The medicinal cannabis industry continues to grow on a global scale. The increasing demand by patients needs to be met with a consistent supply of reliable medicinal cannabis products for patients paired with educational support for healthcare professionals and their supporting staff.
To provide credible information on the most prevailing questions of medicinal Cannabis and help demystify the industry, Cannim has partnered with Holistic Caring, one of the most respected providers of cannabis education in America.
In the first interview of an ongoing Q&A series, Cannim has interviewed Elisabeth Mack, the founder of Holistic Caring. She is not only a pioneer in cannabis education but also a hero to many whom she has already helped to restore quality of life through a holistic approach.
To answer some of the most prevailing questions on medicinal cannabis in terms of cultivation, strains, terpenes, effects and more, we have interviewed Elisabeth Mack, an American pioneer in cannabis education, and a hero for many whom she has already helped to restore quality of life.
Elisabeth, as someone who has worked with countless American patients, please share why you think quality growing and processing mechanisms are so important in medicinal cannabis?
Elisabeth: “Quality growing and processing matter deeply because people are using this as medicine. Growing as naturally as possible by those that have been doing this for generations is why Jamaica is a prime growing location. Combining that with modern good manufacturing practices (GMP) assures patients that their medicine is free from contaminants. Because Cannabis is a plant, it works differently in every body, and varies based on the individual. As patients experiment with various formulations and strains, they need peace of mind while adjusting their medication. Standardized processing and testing assure clients that they can trust the potency and purity of these botanical formulations.“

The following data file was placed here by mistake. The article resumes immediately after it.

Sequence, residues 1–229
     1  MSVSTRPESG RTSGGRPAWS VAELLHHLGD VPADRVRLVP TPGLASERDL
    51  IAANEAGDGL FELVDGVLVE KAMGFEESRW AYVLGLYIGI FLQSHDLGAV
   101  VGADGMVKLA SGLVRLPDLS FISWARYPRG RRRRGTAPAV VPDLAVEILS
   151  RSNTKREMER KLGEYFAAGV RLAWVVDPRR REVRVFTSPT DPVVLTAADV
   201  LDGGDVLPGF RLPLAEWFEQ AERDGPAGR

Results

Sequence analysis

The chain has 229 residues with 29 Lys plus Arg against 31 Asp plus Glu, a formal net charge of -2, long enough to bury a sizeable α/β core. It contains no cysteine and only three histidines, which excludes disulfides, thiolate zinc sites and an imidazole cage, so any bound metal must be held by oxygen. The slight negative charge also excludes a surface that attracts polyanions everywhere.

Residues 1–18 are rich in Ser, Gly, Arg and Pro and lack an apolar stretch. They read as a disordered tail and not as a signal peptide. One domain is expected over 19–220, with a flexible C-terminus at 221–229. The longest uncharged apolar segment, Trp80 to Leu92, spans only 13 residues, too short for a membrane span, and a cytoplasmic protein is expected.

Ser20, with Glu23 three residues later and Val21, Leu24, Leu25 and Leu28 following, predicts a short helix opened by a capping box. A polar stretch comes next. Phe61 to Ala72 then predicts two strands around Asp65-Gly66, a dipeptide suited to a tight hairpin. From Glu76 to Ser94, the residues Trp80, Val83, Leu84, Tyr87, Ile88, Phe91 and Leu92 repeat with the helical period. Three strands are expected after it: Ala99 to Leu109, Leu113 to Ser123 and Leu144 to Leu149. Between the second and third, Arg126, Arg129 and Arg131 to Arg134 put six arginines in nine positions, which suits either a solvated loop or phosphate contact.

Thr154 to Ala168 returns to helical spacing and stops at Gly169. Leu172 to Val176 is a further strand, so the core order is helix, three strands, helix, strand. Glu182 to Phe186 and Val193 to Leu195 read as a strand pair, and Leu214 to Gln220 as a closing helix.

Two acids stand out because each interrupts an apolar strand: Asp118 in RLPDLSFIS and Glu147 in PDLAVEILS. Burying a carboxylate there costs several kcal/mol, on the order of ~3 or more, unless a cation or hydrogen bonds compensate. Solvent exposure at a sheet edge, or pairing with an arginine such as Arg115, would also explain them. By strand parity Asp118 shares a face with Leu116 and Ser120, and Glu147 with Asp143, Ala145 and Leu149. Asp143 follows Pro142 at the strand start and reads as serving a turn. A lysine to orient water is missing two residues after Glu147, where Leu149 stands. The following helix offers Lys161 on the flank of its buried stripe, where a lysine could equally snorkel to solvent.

When cultivating cannabis, companies can cultivate precise strains in their plants. Can you elaborate on the differences between the most common strains, Indica and Sativa?
Elisabeth: “Indica or Sativa characteristics are determined by the combinations of cannabinoids, terpenes, and flavonoids. Each chemovar will be influenced by the terpenes which drive effects such as energizing, sedating, creativity and focus, sleep, or pain and spasms. Indica is traced back to landrace strains in Asia, growing shorter with
dense nuggets and fruity essence. Sativa was found in equatorial rainforests and grows tall and lanky with notes of pepper or fuel. An Indica hybrid strain would be best at the end of the day when relaxation and sedation would be welcome. A Sativa hybrid strain would be good for daytime micro-dosing to promote energy or productivity. Today’s cultivators create hybrids that exhibit some of each characteristic. Indica dominant strains like Blue Wizard will tend to soothe pain while softening an anxious mind. Sativa dominant strains like Wild Thailand may offer boosts of energy alongside therapeutic effects.”
Certain indications respond better to various chemovars and prescribers need to help patients understand titration options while adjusting product types and concentrations.
Lastly, the conversation about “Terpene profiles” seems to pop up often. How do these terpenes influence the outcomes received from medicinal cannabis?
Elisabeth: “Terpenes harmonize and synergize with cannabinoids and create nuances in the mood, energy, creativity, focus, relaxation, sedation, hunger, etc. Terpenes have shown anti-inflammatory characteristics that may reduce pain and promote healing along with cannabinoids, adding to the different effects of Indica or Sativa Strains. Limonene may brighten the mood while myrcene, caryophyllene, or linalool are calming. Record the chemovars that personally help you the most and try to return to the tested, pure medicines on a consistent basis. We each have a unique biology and cannabis medicines can help fine-tune our physiology back to balance through personalized care”
! Disclaimer: With very few exceptions, medicinal cannabis is not an approved medicine in Australia and the TGA has not assessed them for safety, quality or effectiveness. Speak to your doctor to see whether medicinal cannabis is right for you. For regulatory approved information, please visit the TGA website